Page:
FRANKFORT, Ky. — Kentucky Gov. Andy Beshear announced a "staggeringly high" 3,649 new cases of COVID-19 on Thursday, again breaking the record for the highest number of cases reported statewide in a single day set on Nov. 11 and Nov. 5.
The governor also reported 30 coronavirus-related deaths, the second-highest daily death toll since the pandemic began. That list includes a 93-year-old man from Boone County, a 79-year-old man from Campbell County and a 67-year-old man from Gallatin County. Eight people from Kenton County also died of COVID-19, including three men, ages 64, 77 and 96, and five women, ages 75, 86, 90, 95 and 96.
The state's COVID-19 seven-day positivity rate also rose to a record-high 9.18% Thursday.
After announcing a bevy of new pandemic restrictions on Wednesday, Beshear called on Kentuckians yet again to work together while staying apart to stop the spread of COVID-19.
"This is a tough day, but it shows why we had to take these steps, because next week is gonna be worse. The week after that is gonna be worse, unless we ultimately slow down this virus," the governor said.
Kentuckians living in one of 112 "red zone" counties, up from 94 this time last week, are asked to follow these recommendations to curb the spread of COVID-19. In Northern Kentucky, that includes Boone, Kenton, Campbell, Grant, Bracken, Gallatin and Pendleton counties.
So far, Kentucky has seen 148,390 total cases of COVID-19 and 1,742 virus-related deaths since the pandemic began. More than 25,437 people who had the virus have reportedly recovered from COVID-19, and the state has now administered more than 2.5 million coronavirus tests since the pandemic began.
Hospitalizations remain high; 1,550 Kentuckians are currently in the hospital for coronavirus, with 358 in intensive care units and a record-high 199 on ventilators. Beshear said the state's main concern now is adequately staffing hospitals, not just bed capacity.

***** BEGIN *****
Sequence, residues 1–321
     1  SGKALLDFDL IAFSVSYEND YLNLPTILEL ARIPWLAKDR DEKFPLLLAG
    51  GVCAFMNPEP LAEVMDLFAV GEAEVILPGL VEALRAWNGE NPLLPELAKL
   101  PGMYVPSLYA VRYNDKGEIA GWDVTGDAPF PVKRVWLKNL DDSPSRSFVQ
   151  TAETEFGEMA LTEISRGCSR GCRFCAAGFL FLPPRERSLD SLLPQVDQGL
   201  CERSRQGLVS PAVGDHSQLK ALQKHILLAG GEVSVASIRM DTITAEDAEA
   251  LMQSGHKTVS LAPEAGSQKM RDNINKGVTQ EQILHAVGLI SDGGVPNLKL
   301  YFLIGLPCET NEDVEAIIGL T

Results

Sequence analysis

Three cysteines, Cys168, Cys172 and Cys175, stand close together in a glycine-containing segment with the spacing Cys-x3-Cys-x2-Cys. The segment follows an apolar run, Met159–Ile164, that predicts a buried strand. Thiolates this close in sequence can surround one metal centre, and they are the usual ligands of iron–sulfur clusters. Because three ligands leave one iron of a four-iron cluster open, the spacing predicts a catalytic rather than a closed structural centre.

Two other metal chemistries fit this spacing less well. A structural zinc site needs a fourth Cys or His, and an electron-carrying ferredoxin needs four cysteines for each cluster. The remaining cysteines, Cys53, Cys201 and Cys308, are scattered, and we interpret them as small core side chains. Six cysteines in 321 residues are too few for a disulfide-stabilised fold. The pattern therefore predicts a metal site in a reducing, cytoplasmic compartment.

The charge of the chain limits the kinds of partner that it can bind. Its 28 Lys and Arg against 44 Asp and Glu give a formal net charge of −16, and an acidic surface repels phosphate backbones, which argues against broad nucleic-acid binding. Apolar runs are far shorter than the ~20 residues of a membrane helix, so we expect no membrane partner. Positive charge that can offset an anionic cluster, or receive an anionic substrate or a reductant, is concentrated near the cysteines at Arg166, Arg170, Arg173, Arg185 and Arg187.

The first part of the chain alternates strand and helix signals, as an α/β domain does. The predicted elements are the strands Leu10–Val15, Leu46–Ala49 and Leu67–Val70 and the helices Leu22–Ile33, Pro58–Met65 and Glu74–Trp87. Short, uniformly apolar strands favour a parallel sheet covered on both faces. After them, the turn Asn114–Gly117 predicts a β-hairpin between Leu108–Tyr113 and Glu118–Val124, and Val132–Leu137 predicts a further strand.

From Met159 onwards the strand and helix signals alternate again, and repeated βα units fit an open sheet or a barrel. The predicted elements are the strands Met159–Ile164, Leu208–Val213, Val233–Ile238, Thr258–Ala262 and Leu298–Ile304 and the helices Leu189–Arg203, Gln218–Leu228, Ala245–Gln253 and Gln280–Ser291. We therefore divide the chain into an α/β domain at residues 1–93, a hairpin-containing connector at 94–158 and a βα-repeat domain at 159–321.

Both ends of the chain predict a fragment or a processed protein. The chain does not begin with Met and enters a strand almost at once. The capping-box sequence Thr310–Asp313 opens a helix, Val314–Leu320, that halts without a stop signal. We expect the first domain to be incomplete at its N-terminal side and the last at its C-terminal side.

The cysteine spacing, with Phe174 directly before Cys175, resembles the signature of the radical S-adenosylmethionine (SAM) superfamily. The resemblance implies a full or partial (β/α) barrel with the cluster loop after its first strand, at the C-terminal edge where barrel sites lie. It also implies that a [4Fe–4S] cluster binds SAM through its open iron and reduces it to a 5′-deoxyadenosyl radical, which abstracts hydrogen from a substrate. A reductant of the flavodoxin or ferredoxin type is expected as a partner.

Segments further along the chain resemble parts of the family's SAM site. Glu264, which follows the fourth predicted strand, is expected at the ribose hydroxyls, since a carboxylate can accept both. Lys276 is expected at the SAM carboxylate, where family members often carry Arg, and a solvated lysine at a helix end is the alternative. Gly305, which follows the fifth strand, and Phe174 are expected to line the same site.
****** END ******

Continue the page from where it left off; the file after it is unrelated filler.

NKY Health reports 8,991 people across Boone, Kenton, Campbell and Grant counties have tested positive for COVID-19, and 116 people locally have died of the virus. The health department reports 4,131 active cases and 4,744 people who have recovered from coronavirus as of Thursday.
New restrictions for schools, restaurants and more
Beshear announced sweeping new restrictions for Kentuckians Wednesday as COVID-19 cases surge in the state. Those restrictions go into effect from Nov. 20 at 5 p.m. through Sunday, Dec. 13.
The restrictions include further limiting private gatherings to eight people from no more than two households.
All Kentucky public and private K-12 schools also must halt in-person instruction and start online learning on Monday. This restriction does not apply to early childcare and daycare centers in Kentucky, Beshear said.
Indoor venues must limit capacity to 25 people per room, including for funerals and weddings. Beshear said Thursday he has recommended houses of worship hold virtual services or outdoor drive-up services during the Nov. 20 - Dec. 13 period.
Kentucky will close restaurants and bars to indoor dining Friday at 5 p.m. while announcing a $40 million relief program for those establishments. Beshear also called on the federal government for more pandemic aid and to include bars and restaurants in any future relief funds.